request was granted. (Tr. 86-87). Plaintiff’s initial hearing was held on July 30, 2009 in Hot
Springs, Arkansas. (Tr. 26-67). On February 24, 2010, the ALJ entered an unfavorable decision
denying Plaintiff’s applications for DIB and SSI. (Tr. 10-21). That decision was appealed, and on
May 15, 2012, United States Magistrate Judge Barry Bryant entered a Memorandum Opinion
remanding the matter for further consideration. (Tr. 327-334).
Following this, Plaintiff had a second administrative hearing on his applications and his
hearing was held on December 19, 2012. (Tr. 288-303). Plaintiff was present and was represented
by counsel, Sherry McDonough, at this hearing. Id. Plaintiff and Vocational Expert (“VE”) Mack
Welch testified at this hearing. Id. At the hearing, Plaintiff amended his application and requested
a closed period of disability from the onset date of April 29, 2008, through October 1, 2010 when
he returned to full time employment as a security guard. (Tr. 271).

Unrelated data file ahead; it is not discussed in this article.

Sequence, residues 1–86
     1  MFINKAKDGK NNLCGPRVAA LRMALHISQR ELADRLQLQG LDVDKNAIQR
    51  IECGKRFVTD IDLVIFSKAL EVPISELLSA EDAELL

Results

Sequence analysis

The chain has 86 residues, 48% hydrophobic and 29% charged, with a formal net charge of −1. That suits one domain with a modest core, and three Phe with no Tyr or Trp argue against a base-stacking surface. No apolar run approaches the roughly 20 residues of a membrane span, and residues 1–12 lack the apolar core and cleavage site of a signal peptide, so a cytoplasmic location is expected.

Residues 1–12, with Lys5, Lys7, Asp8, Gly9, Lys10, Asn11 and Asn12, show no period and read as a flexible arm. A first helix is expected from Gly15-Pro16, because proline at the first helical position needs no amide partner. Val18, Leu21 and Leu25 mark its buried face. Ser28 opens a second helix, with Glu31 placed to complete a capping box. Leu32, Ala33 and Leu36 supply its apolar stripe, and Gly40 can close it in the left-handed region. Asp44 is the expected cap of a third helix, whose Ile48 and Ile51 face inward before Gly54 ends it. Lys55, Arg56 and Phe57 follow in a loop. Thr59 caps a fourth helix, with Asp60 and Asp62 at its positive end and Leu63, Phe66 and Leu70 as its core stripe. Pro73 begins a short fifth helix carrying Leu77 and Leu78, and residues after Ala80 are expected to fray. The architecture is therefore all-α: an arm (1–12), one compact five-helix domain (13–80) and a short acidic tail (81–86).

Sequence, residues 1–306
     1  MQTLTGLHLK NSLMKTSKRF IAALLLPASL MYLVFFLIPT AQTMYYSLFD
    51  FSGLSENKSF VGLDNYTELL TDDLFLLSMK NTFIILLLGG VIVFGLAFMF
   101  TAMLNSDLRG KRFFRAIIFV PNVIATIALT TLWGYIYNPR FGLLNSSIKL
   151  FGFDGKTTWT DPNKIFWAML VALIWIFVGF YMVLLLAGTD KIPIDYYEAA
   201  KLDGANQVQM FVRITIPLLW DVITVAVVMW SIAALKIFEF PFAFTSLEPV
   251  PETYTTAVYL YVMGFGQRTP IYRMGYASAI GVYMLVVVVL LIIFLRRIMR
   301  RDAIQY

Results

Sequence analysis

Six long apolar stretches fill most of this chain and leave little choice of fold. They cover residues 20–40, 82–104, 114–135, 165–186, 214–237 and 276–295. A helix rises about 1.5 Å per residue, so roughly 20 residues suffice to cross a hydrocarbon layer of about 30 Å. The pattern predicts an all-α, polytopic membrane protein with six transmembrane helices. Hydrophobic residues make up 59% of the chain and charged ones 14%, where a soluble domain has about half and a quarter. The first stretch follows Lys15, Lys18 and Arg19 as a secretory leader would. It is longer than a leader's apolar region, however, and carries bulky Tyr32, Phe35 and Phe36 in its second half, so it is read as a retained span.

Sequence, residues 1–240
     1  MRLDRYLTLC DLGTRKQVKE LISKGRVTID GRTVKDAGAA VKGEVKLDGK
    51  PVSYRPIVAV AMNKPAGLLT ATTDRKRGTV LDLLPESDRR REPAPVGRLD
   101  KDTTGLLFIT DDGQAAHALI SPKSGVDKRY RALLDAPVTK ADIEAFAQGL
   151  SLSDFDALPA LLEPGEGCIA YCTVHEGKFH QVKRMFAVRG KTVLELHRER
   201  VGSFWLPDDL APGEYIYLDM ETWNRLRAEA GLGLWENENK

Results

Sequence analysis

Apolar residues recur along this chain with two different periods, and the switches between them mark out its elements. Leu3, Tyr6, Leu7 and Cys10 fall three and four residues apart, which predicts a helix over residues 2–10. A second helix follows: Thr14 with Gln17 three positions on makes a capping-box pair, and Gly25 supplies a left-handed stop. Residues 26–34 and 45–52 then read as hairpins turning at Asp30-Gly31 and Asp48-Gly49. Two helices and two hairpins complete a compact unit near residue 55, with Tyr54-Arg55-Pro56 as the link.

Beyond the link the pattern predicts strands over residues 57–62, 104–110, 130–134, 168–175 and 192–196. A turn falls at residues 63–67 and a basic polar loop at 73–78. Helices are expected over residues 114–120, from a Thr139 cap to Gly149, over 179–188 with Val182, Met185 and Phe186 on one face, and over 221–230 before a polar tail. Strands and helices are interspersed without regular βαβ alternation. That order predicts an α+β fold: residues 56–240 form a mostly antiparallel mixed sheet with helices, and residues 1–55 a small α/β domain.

On January 31, 2013, the ALJ entered an unfavorable decision denying Plaintiff’s
applications for DIB and SSI. (Tr. 271-283). In this decision, the ALJ determined Plaintiff met the
insured status of the Act through June 30, 2015. (Tr. 273, Finding 1). The ALJ also determined
Plaintiff had not engaged in Substantial Gainful Activity (“SGA”) from April 29, 2008, his alleged
onset date, through October 1, 2010, the date he returned to full time employment. (Tr. 273, Finding
The ALJ determined Plaintiff had the severe impairments of status post anterior cruciate
ligament reconstruction of the left knee and arthofibrosis of the left knee. (Tr. 273, Finding 3). The
ALJ also determined, however, that Plaintiff did not have an impairment or a combination of